For example, one great company that meets all of our financial health criteria listed above is AllianceBernstein (NYSE:AB)

To move to Step 3 in our process, we create a model dividend portfolio and add some shares of AllianceBernstein to dig deeper.

In fact, we can do this for as many companies as we'd like from our screener list so we have a portfolio of many different companies to move to Step 3 all at once.

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Check The Dividend History

Now that we have a portfolio of various companies that passed our financial health checks, we can see just how reliable their dividend histories are.

As an example, here we click on the Portfolios tab, and click into the example portfolio we created for AllianceBernstein.

Portfolios View - Synvestable

From here we can click on the Dividends Tab, where we can see the total weighted dividend yield from all our positions, as well as the expected annual payout of the portfolio.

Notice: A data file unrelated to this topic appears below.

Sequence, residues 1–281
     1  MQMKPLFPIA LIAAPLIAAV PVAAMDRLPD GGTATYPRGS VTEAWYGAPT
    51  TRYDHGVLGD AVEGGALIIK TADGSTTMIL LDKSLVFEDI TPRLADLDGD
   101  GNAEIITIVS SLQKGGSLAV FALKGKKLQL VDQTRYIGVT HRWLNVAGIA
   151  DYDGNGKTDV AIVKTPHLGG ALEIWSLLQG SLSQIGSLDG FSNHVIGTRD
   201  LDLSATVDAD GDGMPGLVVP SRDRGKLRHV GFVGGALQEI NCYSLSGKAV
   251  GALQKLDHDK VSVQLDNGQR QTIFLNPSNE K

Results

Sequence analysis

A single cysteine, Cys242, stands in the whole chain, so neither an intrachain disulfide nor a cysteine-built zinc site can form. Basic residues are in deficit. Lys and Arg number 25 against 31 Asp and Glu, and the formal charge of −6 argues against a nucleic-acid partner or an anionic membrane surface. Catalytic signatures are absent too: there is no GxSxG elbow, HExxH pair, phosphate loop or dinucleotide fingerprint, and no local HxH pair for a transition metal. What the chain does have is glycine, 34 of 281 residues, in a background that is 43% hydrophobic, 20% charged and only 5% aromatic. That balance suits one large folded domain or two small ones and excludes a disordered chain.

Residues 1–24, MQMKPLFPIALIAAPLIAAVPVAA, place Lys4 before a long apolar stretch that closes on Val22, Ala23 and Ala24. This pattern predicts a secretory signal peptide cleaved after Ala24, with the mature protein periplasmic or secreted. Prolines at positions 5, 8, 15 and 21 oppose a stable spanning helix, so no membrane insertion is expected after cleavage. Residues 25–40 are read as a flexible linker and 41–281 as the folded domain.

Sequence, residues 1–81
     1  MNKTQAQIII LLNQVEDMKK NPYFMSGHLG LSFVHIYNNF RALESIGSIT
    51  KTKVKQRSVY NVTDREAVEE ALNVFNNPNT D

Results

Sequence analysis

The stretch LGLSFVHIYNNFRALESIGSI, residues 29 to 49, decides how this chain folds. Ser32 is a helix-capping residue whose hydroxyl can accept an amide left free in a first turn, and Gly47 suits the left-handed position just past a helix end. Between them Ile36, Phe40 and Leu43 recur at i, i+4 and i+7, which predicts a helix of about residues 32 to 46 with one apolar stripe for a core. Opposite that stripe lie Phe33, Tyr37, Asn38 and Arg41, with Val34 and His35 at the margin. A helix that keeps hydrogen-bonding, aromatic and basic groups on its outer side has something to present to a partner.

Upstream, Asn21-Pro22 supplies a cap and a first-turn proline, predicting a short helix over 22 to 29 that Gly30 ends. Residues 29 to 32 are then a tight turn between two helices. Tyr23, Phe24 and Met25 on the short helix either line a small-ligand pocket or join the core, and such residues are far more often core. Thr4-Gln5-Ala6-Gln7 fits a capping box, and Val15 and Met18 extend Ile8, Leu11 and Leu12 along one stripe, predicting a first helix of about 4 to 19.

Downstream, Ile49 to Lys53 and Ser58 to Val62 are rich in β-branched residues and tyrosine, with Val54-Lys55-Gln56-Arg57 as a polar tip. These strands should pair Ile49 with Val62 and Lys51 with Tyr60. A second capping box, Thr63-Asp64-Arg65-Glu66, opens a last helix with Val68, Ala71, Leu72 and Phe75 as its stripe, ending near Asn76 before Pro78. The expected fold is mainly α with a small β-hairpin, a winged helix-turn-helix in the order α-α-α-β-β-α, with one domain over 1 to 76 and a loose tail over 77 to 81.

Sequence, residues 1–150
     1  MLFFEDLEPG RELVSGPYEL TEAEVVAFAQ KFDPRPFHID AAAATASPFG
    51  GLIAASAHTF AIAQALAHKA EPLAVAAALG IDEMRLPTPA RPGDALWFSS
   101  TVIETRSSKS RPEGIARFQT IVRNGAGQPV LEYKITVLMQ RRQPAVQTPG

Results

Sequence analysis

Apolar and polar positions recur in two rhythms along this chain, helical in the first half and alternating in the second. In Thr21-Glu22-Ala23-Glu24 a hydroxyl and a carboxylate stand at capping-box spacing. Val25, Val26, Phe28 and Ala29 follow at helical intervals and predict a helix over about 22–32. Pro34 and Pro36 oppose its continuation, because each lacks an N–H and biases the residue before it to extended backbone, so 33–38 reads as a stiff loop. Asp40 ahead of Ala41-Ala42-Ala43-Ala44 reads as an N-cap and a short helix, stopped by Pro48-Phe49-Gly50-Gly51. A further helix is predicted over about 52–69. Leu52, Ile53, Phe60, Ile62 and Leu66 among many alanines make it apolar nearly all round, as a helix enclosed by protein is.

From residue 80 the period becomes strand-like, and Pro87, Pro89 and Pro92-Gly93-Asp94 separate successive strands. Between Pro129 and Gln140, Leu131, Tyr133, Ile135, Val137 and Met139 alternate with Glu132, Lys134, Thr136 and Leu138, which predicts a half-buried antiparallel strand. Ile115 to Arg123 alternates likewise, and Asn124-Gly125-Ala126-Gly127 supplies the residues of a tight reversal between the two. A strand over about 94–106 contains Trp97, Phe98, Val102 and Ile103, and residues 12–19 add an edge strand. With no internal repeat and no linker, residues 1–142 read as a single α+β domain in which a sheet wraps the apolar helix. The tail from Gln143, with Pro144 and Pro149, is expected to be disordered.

We can then click the Dividend History icon to see what AllianceBernstein's dividend history actually looks like.

Dividend data analysis using the portfolios section - Synvestable

Looking at AllianceBernstein's dividend history, we can see some variation in the dividend, but overall long-term growth in the the quarterly payout.

We can also see that the current dividend yield is in line with the average payout which is around $.40-.70 per quarter.

Dividends are typically paid out quarterly, with the total payouts adding up to the amount specified by the yield.

As an example, AllianceBernstein's annual dividend payout per share is $3.54 (10.60% yield), which is paid in four quarterly payments throughout the year, anywhere from $.49-$1.29 per quarterly payment.